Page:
The current study conceptualized observer reactions to uncivil behavior towards women as an ethical behavior and examined three factors (target reaction, actor motive, and actor-target relationship) that influence these reactions. Two vignette studies with women and men undergraduate and graduate students in western Switzerland were conducted. Study 1 (N = 148) was a written vignette study that assessed how the reaction of female targets to incivility and the motives of actors influenced observer reactions. Results showed that a female target’s reaction influenced observers’ evaluations of the harm caused by an uncivil incident, and that an actor’s motive affected observers’ assessments of the necessity to intervene. Study 2 (N = 81) was a video vignette study that assessed the effects of the reactions by female targets to incivility and the relationship between the target and the actor on observer reactions. We found that female targets’ reactions influenced observers’ evaluations of harm and the perceived necessity to intervene. Furthermore, the effect of a female target’s reaction on observers’ evaluations of harm was moderated by the relationship between the actor and the target: a female target who laughed at the uncivil behavior was perceived as less harmed, when she and the actor had a personal relationship than when they had a professional relationship. When the female target reacted hurt or neutrally, actor-target relationship did not affect observers’ evaluations of harm. We conclude by discussing the implications of our findings for theory and practice.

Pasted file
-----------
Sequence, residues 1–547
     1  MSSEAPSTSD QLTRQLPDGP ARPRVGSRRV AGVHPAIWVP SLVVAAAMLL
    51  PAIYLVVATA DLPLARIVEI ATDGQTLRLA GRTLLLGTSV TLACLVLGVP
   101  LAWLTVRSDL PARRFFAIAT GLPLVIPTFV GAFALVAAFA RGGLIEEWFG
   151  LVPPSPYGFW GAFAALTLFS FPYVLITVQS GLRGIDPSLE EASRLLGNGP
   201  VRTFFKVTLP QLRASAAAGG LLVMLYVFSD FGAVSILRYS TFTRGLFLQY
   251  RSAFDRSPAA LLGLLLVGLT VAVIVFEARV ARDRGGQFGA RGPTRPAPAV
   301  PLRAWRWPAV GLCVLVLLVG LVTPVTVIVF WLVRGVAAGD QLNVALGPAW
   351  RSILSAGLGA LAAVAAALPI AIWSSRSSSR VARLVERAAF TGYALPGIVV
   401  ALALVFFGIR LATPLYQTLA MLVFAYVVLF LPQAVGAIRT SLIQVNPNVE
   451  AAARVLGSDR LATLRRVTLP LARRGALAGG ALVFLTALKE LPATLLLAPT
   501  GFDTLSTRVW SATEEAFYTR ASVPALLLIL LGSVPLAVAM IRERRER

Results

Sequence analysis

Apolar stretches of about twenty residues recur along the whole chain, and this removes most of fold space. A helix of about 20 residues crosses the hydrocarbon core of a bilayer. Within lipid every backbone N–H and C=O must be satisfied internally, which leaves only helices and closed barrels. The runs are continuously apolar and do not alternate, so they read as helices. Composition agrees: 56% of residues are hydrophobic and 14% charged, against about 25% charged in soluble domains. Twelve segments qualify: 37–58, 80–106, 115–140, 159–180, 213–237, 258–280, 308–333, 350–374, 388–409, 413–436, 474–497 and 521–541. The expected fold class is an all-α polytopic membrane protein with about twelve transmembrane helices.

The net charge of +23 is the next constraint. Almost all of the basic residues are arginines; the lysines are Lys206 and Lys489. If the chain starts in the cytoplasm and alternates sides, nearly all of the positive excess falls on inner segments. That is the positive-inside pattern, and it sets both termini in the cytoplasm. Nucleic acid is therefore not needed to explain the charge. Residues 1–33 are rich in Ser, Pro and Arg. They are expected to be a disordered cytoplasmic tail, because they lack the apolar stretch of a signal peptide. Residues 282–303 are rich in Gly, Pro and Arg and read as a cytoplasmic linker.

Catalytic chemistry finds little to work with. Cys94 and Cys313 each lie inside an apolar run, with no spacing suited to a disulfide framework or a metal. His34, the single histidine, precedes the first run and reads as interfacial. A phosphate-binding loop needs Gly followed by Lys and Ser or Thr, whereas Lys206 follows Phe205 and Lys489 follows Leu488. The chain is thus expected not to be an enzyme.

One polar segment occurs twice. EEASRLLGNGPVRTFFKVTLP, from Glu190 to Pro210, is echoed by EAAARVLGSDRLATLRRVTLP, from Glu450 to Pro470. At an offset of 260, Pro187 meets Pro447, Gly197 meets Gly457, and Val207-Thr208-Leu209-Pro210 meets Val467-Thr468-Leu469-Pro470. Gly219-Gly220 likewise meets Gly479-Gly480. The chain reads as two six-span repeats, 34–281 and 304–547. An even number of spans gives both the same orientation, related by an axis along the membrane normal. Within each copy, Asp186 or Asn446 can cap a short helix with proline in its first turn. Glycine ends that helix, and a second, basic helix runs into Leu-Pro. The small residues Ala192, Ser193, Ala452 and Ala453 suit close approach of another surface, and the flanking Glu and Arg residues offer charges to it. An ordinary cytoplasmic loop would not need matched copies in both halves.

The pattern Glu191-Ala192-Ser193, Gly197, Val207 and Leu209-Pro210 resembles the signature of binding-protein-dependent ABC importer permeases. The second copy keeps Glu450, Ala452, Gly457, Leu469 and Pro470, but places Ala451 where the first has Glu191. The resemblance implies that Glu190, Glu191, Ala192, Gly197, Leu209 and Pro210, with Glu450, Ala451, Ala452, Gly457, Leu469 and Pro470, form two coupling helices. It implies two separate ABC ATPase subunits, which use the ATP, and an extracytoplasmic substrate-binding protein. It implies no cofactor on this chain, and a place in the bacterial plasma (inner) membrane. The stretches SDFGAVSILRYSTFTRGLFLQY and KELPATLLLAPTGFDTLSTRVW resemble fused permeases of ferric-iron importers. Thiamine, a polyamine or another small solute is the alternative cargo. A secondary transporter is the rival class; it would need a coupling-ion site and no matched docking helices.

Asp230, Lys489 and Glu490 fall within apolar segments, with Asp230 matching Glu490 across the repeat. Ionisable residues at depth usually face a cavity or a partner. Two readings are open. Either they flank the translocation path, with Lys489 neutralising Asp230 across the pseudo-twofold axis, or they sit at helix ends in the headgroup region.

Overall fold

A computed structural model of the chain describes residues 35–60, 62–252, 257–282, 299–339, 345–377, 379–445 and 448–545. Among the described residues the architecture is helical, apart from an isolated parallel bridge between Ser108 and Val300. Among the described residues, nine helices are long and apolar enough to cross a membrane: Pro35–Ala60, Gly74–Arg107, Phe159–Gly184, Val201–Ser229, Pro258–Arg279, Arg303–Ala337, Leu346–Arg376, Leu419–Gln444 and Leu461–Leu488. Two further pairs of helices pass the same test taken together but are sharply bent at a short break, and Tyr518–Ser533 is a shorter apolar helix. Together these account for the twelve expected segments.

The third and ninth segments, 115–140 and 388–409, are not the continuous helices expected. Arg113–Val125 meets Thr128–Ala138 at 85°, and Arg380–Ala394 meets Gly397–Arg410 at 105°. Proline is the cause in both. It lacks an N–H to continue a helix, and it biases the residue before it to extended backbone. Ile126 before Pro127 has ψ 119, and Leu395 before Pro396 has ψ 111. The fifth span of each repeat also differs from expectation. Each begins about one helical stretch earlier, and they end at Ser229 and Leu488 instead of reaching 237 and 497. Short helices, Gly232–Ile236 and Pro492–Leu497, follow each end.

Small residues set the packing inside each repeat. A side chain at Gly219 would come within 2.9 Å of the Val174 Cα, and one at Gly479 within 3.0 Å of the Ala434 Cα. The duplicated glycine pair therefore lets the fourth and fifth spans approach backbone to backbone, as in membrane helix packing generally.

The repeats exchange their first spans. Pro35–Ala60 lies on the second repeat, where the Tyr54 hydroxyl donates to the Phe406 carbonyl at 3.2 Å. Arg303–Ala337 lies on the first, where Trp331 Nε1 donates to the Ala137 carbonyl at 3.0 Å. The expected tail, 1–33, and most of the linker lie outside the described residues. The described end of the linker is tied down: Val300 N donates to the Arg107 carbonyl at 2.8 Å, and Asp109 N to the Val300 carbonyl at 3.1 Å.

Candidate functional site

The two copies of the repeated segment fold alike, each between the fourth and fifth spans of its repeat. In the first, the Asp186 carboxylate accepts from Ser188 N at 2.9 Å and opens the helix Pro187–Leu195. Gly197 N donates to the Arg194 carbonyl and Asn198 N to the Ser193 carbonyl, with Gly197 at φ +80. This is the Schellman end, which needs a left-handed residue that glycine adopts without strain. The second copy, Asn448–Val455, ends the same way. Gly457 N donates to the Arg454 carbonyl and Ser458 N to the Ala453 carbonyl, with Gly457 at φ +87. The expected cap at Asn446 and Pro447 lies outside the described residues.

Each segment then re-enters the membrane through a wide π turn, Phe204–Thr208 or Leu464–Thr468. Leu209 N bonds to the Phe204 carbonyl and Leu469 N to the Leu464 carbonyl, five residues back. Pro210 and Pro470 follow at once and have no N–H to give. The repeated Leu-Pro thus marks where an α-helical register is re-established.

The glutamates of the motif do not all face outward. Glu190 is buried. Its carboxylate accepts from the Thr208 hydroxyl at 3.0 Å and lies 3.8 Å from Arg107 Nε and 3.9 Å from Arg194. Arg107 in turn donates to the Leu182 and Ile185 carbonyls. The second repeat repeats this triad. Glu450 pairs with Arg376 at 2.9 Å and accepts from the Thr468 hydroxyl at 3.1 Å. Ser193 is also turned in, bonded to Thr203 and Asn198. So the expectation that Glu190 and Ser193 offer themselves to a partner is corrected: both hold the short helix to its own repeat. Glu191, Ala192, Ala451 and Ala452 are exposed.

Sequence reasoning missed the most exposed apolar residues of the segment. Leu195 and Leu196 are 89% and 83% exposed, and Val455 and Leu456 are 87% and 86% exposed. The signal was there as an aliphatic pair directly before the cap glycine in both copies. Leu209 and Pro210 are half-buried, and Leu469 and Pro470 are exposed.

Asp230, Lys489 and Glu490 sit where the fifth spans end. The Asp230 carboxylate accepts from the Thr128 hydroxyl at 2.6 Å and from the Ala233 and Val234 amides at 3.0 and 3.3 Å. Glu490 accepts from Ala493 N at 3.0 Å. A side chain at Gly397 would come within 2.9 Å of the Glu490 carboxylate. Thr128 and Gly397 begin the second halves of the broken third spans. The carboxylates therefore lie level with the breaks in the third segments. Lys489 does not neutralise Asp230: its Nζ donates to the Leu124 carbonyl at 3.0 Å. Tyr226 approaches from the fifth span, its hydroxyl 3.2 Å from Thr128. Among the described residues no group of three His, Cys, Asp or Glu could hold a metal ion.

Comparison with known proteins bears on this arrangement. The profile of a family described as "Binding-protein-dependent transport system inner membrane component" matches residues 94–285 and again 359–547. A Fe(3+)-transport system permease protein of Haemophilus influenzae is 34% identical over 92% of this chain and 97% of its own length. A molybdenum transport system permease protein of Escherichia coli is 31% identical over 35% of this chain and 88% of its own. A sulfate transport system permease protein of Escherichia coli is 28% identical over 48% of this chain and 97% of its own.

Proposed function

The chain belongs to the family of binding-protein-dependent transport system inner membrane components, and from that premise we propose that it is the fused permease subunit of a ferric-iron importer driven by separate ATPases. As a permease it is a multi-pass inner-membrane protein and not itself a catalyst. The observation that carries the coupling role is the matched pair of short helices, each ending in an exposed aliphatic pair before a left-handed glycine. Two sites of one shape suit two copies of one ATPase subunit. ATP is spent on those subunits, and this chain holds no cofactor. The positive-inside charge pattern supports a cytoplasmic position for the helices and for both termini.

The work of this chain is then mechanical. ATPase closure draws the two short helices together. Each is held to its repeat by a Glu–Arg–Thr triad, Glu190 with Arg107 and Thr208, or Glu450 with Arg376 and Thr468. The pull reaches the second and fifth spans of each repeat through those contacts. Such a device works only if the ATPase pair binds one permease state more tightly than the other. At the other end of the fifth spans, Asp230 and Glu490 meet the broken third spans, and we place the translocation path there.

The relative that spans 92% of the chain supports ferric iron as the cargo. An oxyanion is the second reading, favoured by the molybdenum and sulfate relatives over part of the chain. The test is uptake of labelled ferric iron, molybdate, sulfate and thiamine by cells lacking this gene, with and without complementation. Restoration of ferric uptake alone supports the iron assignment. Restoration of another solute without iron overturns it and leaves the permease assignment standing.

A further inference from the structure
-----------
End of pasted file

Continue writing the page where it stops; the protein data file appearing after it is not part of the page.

Sex Roles – Springer Journals
Published: Apr 22, 2014
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